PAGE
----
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How to Rekindle Your French Studies

Camille Chevalier-Karfis By Camille Chevalier-Karfis on May 3, 2020

You’ve studied French before but somehow stopped. It’s OK, it happens to the best of us! Here are my tips to rekindle your French studies.

As I write this article, many of you are at home right now because of the Coronavirus. I hope you and your loved ones are safe.

Many of you have some time on your hands. I received a massive number of emails asking me for advice on how to rekindle your French studies. So I decided to write an article about it.

1 – A Fresh Start in Studying French

Maybe at one point you had a French routine. It’s OK if you’ve “fallen off the wagon”. It happen to us all at one time (or many times…).

What’s important is today. Today, you can change whatever you want to change. Take it one day at a time, don’t think of tomorrow or how long it will take you to achieve your French goal. 

2 – Figure out Your French Level and Goals

What are your goals? Do you really need to know the French subjunctive right now? Wouldn’t your time be better spent studying how to handle questions in fast French? Or terms used in everyday interactions? 

You may want to start by taking my French level test – it concentrates on listening/comprehension so it’s particularly useful for people who are learning French to communicate and not just to pass French exams.

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3 – Find the Right French Method

There are tons of French learning materials out there, and deciding on the right method for you may take a bit of research… Perfect, you have time! 

You should pick a method that fits your goal and personal situation. If you already speak Spanish for example, the logic of French grammar is going to be obvious to you since it’s the same as in Spanish. You can learn from “fun” stuff and focus on the accent and the vocabulary…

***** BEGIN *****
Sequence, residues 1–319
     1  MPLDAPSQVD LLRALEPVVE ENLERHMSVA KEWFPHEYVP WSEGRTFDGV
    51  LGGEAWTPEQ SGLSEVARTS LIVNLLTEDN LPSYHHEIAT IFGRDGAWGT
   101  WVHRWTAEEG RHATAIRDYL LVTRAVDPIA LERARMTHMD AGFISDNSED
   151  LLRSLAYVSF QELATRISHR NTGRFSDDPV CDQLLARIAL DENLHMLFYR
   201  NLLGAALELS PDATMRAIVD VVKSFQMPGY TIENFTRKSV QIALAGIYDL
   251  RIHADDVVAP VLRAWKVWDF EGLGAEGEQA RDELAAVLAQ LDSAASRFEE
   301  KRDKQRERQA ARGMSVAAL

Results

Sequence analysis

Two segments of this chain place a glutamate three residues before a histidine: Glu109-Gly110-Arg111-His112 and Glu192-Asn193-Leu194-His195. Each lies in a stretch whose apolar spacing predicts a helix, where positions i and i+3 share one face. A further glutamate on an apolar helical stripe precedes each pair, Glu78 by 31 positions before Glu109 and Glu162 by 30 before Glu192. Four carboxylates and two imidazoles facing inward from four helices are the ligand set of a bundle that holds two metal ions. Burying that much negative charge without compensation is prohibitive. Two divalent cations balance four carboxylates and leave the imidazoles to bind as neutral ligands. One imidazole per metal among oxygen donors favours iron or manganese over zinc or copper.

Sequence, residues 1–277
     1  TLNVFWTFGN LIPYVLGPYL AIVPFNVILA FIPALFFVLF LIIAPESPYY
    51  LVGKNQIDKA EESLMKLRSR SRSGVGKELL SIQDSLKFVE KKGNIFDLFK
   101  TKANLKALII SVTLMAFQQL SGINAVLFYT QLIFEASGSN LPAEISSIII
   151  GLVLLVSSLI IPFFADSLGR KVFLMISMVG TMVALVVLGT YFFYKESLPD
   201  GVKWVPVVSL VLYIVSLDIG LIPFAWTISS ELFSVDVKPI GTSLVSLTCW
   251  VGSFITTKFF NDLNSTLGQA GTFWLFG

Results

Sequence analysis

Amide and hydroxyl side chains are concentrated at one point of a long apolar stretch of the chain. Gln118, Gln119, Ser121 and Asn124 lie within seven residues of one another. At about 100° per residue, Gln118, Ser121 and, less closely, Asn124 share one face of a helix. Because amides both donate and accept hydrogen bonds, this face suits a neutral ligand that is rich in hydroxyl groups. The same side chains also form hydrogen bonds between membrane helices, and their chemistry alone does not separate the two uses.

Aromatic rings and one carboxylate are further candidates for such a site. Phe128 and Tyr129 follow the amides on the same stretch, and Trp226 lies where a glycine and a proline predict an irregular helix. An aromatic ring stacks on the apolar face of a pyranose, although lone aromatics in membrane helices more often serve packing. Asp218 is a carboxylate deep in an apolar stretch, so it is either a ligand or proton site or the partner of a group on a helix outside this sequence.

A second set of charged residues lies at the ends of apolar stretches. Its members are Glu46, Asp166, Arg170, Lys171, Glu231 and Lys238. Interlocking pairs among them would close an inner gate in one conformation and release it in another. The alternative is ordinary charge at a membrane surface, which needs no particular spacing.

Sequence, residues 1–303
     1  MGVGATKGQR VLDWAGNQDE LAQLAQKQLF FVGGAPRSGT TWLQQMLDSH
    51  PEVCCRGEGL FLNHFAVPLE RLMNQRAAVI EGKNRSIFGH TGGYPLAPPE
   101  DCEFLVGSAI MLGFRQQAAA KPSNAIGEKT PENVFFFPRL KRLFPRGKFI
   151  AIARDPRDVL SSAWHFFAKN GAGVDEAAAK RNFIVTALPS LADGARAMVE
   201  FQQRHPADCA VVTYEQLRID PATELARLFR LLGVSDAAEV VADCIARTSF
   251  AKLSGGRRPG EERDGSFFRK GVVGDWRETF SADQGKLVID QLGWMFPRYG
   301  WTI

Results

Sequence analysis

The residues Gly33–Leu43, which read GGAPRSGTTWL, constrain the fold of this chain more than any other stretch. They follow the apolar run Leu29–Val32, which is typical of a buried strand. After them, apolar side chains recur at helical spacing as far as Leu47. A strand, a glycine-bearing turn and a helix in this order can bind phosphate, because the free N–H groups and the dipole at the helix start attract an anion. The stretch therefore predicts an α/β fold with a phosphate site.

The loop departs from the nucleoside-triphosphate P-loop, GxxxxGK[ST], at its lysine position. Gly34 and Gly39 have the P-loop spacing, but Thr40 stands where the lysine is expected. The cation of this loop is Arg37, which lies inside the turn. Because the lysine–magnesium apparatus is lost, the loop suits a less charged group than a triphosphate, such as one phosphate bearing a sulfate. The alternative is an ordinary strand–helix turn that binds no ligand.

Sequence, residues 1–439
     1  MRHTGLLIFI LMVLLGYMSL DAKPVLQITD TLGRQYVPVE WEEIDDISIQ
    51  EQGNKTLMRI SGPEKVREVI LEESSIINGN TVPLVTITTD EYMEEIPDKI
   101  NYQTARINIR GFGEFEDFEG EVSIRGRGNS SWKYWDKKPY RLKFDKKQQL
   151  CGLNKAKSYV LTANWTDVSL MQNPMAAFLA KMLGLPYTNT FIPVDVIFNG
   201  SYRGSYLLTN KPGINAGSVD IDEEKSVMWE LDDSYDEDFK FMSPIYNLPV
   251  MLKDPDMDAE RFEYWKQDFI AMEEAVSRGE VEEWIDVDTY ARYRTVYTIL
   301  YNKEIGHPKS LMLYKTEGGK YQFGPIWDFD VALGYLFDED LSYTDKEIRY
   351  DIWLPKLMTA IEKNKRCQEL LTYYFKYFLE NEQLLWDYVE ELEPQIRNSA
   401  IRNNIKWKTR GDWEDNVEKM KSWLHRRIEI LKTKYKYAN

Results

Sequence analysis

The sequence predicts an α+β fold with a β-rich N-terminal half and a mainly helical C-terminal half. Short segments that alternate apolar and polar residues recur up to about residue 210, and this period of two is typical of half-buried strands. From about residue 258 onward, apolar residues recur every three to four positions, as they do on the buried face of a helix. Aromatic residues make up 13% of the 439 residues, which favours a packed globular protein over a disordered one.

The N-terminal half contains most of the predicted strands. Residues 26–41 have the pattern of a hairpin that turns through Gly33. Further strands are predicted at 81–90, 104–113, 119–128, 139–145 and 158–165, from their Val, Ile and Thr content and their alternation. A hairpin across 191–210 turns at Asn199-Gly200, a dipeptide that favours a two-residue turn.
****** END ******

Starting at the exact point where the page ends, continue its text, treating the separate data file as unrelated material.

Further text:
If you only speak English, you need a method that explains French grammar in English (so you understand the explanations). Studying with fun videos or apps with no grammar explanations is probably not going to work.​ It may be a fun way to learn some new vocabulary, but don’t overlook the importance of grammar in French, nor the benefit of having a structured approached.

This article may help: pros and cons of the various French learning methods.

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4 – Study French a Bit Regularly

When it comes to studying French, most students will have a better result by studying a bit every day or several times a week – say, half an hour to one hour – rather than once a week for three hours in one sitting.​​

5 – Repetition is the Key to French

That’s my motto. You may know the logic, this doesn’t mean you can apply it without thinking. We are not robots. It’s not because we’ve learned something once that we can remember it / apply it perfectly. So don’t hesitate to review and revise. 

​Starting with a lower level, something that’s a bit on the easy side for you is a good way to realise how much you already know and rekindle your confidence for studying French.

Remember, all long-term changes start with today. Its’ amazing what you can accomplish one day at a time… I recorded 33 hours of French verb drills… The way I did it: half an hour per day. Taking it one day at a time. 

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